As earnings expectations decline, you might think that analyst recommendations would fall too. But you would be wrong.
The second quarter earnings season is about to begin, with Alcoa Inc. reporting its results after markets close on Monday.
Bloomberg News noted that analysts following companies within the S&P 500 believe earnings will fall 1.8 per cent over last year.
If correct, that would mark the first earnings retreat since 2009.
Yet, as Barron’s noted, there is an apparent contradiction between earnings expectations and analyst recommendations. The same Bloomberg piece that mentioned the expected earnings retreat also pointed out that one measure of bullishness among analysts is at its highest since Bloomberg began tracking it in 2000.
That is, 247 companies within the S&P 500 have more “buy” recommendations from analysts than “sell” recommendations or “holds.”
From Bloomberg: “Bullish recommendations have been expanding even as Wall Street firms cut their forecast for second-quarter net income in the U.S. to a decrease of 1.8 per cent from a gain of 2 percent in April, more than 10,000 estimates compiled by Bloomberg show.”
How can earnings expectations go down and analyst recommendations go up? The top explanation is that, heck, this is just one earnings season, reflecting corporate activity over the course of one quarter.
Analysts tend to look ahead – with target prices alone usually forecasting expected share price gains over the next 12 months – and they believe that earnings growth will resume its upward trend in the second half of the year.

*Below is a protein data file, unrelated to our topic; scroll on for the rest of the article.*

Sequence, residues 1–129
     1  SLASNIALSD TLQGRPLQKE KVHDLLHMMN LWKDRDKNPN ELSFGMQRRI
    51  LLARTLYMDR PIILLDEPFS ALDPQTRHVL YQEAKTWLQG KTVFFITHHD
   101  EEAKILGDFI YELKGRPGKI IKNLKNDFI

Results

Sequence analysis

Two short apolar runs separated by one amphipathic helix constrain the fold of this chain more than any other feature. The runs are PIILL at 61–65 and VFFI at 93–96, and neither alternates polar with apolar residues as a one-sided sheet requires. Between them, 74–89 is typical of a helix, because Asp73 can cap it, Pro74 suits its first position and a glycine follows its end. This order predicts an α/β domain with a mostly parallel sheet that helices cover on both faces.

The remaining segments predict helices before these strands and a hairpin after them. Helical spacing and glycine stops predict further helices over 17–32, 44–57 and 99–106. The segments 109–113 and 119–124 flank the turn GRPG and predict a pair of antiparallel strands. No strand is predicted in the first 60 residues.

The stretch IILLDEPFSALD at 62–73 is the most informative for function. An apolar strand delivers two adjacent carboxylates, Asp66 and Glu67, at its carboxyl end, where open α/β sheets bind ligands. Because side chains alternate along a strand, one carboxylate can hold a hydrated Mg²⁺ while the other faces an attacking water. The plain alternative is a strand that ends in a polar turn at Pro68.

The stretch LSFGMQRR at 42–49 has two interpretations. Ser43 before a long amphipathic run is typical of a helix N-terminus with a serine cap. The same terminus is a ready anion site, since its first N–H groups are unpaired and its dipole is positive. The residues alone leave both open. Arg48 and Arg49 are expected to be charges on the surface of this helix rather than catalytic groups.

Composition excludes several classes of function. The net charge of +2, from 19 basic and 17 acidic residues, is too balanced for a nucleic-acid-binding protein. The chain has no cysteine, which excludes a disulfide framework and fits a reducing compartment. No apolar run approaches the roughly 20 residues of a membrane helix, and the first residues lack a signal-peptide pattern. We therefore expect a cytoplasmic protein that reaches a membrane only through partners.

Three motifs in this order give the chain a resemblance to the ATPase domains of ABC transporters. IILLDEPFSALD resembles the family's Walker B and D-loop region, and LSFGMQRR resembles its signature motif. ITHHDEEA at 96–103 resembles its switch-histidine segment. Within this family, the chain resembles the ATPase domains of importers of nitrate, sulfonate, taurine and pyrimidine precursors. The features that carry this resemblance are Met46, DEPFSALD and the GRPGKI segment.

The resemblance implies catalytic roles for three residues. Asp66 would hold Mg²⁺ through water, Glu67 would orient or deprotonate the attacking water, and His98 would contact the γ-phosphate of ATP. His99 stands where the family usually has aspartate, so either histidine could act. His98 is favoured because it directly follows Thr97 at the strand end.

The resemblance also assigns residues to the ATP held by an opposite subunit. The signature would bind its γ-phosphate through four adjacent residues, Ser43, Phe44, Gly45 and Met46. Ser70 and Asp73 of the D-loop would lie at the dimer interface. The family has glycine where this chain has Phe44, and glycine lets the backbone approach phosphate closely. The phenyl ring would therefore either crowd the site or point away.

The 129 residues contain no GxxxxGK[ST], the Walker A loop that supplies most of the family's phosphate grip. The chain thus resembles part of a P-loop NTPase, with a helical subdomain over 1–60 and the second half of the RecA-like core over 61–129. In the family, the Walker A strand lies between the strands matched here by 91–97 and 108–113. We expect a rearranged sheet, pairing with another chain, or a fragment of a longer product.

But what’s interesting is the trend: Bullishness is increasing even as the economic and earnings backdrop appears to be deteriorating.
As Bloomberg reported, analysts have a total 5,898 “buy” recommendations on stocks within the S&P 500. That’s 9.4-times the number of “sell” recommendations, up from 8.4-times last year.
Yet, it isn’t clear why analysts are more enthusiastic about stocks now than they were last year, other than the vague observation that the S&P 500 is below its average valuation since the 1950s.
In its article, Bloomberg helpfully noted that the last time earnings expectations and analyst recommendations diverged was the third quarter of 2009.
That worked out okay: The S&P 500 was six months into a rally that has continued, with the occasional interruption, ever since.
But that doesn’t mean this is a signal that should be ignored. Analysts, like economists and strategists, have a dismal track record for calling turns in the market – meaning that all those “buy” recommendations might amount to nothing more than a whole lot of hope.